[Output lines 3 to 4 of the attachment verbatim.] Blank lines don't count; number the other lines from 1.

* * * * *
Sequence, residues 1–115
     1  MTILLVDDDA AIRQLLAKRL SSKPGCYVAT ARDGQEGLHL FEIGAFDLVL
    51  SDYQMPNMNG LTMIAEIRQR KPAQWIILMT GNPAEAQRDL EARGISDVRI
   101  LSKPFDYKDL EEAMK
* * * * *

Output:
    51  SDYQMPNMNG LTMIAEIRQR KPAQWIILMT GNPAEAQRDL EARGISDVRI
   101  LSKPFDYKDL EEAMK